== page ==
Shaw Air Force Base in Sumter is in the running for a new Air Force wing of remotely piloted aircraft, commonly known as drones.
The wing could carry 1,000 or more jobs, but the timeline for making a decision is “years, not months” away, an Air Force spokesman said.
The new MQ-9 Reaper wing would control from the United States remote aircraft flying combat strikes in Afghanistan and the Middle East, as well as other missions around the world. The aircraft are known as “hunter-killers” and can carry a wide range of ordnance such as missiles and machine guns.
The Air Force frowns on the term “drone” because the MQ-9 is a propeller-driven, fixed wing aircraft that doesn’t hover. It is about the same size as a civilian Cessna airplane.
The new unit could be located at one base, or split between two – one base strictly as mission control, the other for training and maintenance. Shaw is the only base on the list of finalists for both units.
“We may not win this, but the fact that we made the top four speaks well of Shaw and South Carolina, the quality of life here and our facilities,” said former Sumter mayor Steven Creech, who is that city’s representative on the S.C. Military Base Task Force, which exists to protect and expand missions at the state’s major military installations.
To host the mission control operations, the Air Force also identified Davis-Monthan Air Force Base in Arizona, Moody Air Force Base in Georgia, Mountain Home Air Force Base in Idaho and Offutt Air Force Base in Nebraska. MQ-9 crews at the base chosen for this mission will control the remotely piloted aircraft in combat missions. No aircraft will be assigned to that unit.
Eglin and Tyndall Air Force bases in Florida and Vandenberg Air Force Base in California are also candidates for the training and maintenance unit. The base that is chosen for those missions would host a full MQ-9 wing, including both a launch and recovery element and mission control element, as well as a maintenance group and operational support personnel.
That location is expected to have up to 24 MQ-9 aircraft assigned.
The Air Force has a shortage of remote pilots and crew, even as the use of remote aircraft is rapidly expanding. “So there is increasing demand on the aircraft’s infrastructure,” Air Force spokesman Ben Newell told The State from Air Combat Command headquarters in Langley, Va.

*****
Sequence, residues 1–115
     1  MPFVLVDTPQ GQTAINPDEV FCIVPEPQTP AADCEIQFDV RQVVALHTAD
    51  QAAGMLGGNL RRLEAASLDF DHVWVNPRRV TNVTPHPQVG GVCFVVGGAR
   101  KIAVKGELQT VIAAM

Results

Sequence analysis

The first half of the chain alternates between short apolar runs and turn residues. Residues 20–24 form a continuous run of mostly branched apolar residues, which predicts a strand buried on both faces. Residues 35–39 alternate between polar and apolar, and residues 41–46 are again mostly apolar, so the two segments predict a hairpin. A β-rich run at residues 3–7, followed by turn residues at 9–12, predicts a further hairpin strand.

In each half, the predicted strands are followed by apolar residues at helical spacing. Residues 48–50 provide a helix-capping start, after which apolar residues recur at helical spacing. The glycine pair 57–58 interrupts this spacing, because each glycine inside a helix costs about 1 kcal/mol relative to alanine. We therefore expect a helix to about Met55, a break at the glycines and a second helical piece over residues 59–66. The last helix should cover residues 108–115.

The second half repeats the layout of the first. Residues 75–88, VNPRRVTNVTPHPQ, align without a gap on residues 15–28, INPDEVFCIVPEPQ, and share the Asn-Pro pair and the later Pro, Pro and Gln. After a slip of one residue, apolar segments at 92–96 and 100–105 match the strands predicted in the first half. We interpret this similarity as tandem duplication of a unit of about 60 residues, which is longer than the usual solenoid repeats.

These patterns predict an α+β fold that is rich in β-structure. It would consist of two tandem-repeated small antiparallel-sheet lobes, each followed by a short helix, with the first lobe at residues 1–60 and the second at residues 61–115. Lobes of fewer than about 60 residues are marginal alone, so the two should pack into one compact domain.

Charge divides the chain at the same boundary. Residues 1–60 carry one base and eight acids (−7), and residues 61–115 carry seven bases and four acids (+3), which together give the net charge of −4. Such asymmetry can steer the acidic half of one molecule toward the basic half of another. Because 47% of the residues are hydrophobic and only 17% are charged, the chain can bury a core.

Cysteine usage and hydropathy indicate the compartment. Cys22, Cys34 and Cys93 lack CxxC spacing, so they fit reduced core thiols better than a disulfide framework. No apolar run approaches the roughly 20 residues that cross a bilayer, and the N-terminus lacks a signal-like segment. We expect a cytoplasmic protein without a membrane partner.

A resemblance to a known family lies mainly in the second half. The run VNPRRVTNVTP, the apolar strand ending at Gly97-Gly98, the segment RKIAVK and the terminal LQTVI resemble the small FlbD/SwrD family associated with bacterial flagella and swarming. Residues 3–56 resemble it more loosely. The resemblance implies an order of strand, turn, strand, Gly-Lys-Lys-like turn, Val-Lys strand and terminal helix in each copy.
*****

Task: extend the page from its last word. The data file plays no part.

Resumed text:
Currently, only two bases host the MQ-9 aircraft and control elements – Creech Air Force Base in Nevada and Holloman Air Force bases in New Mexico.
The remote, desert locations of the two bases makes it difficult to recruit airmen to the service, particularly those with families, Creech said. The job is also a difficult one, with remote pilots working around the clock in missions half a world away.
The Air Force recently offered a $15,000 annual bonus to experienced operators.
Newell said the timeline for a decision on the new bases is open, probably taking “years not months.”
Air Combat Command will begin conducting site surveys at all eight locations, he said. Site survey teams will evaluate each location on whether it meets the requirements for the aircraft, the impact on existing missions, infrastructure and cost.
Quality of life in the host community and public support for the military will also weigh heavily in the decision, Newell said.
South Carolina is known nationally as being very supportive of the military. Shaw is already home to 20th Fighter Wing, the nation’s largest F-16 fighter jet wing and Ninth Air Force. It also hosts U.S. Army Central and Air Force Central commands, which control the air and ground wars in the Middle East and Afghanistan.
“The important part is to get this decision right,” Newell said. “We want to stand up this wing where it can generate efficiencies, and we love working where we have good relationships with the community.”